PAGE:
Federal officials have declined to say whether any of the plant’s supervisors or owners face criminal charges or penalties. A class-action lawsuit has been filed on behalf of the workers alleging that the company procured fake IDs for employees and that federal officials improperly processed the arrested immigrants.

Agriprocessors officials would not comment. In a statement issued May 15, the company said it had agreed to use federal electronic verification software to better screen the identities of new hires. Since the raid, Agriprocessors has been operating with a skeleton crew, flying in workers from New York, town officials said.

“We are working with experts in immigration compliance to help bolster our compliance efforts to employ only properly documented employees,” Chaim Abraham, a company representative, said in the statement. “We extend our heartfelt sympathies to the families whose lives were disrupted and wish them all the best.”


In Postville, the fear of more raids has hung heaviest inside St. Bridget Roman Catholic Church.

More than 200 frightened Mexican and Guatemalan immigrants -- mostly the spouses and children of those arrested -- camped out there immediately after the raid, though their numbers have since dwindled.

As volunteers dished out plates of chicken and rice one night, some of the family members silently prayed, comforted crying children or curled up for the night on the floor.

Others shared details of life at the plant: the strict requirements for a kosher slaughter, the burning chemicals, the 16-hour days and the alleged presence of underage workers, some as young as 13.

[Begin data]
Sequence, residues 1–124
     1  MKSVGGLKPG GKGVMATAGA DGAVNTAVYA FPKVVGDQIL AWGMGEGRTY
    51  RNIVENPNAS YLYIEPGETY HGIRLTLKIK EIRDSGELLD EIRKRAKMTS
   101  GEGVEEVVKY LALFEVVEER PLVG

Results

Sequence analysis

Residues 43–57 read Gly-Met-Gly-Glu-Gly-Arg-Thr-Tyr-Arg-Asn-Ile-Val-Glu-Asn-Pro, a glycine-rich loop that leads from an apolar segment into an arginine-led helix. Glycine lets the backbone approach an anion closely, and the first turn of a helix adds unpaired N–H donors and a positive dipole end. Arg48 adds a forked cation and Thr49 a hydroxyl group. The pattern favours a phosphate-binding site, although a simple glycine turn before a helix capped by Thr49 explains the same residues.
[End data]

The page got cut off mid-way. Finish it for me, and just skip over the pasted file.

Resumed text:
Silvia Ruiz was among 40 of those arrested and released with electronic ankle bracelets so that they could care for their children.

Still stunned, the single mother of four recounted how she arrived from Guatemala six years ago, pleasantly surprised to find a rural landscape as quiet as her own village.

She wondered, shifting a pant leg to hide her ankle bracelet: “Do you think they’ll let me go back? I have to feed my children.”

In a town of tire swings and frontyard trampolines, where teens wearing backward baseball caps pass others in yarmulkes on their way home from school, the idea that many immigrants were working to support their families has driven much of the local outrage over the raid.


After some tensions between longtime residents and the Hasidim who began arriving after the plant opened in 1988, many residents viewed their new Latin American neighbors as part of Postville’s evolving diversity.

Their children played soccer or football together, with Agriprocessors -- a major donor to civic projects -- sponsoring a team in each sport. They enjoyed the new Latino restaurants that began opening next to Jewish-owned businesses in what was once a struggling commercial center.

In the face of that new prosperity, many dismissed the complaints of animal abuse or labor violations that had spurred previous government investigations, fines and a union drive to organize workers.

Along with several others, Trevor Seibert, 35, a local ice-cream parlor owner who has seen most of his customers disappear, was in disbelief over many of the federal allegations. He blamed disgruntled employees and outsiders for wanting to disrupt “a nice, up-and-coming town.”


“These are people who are my neighbors; I don’t care if they’re illegal or not,” Seibert said. “A lot of them have been over to my house for barbecues.”

With worries of another crackdown driving many immigrants to book flights back to Guatemala, according to a local travel agent, the likelihood of life returning to normal seems dim, Seibert said.

“There is this fear that once they [Agriprocessors] get up and rolling, Immigration will come and hit us again,” he said. “And then you might as well as get a bulldozer and knock the town down.”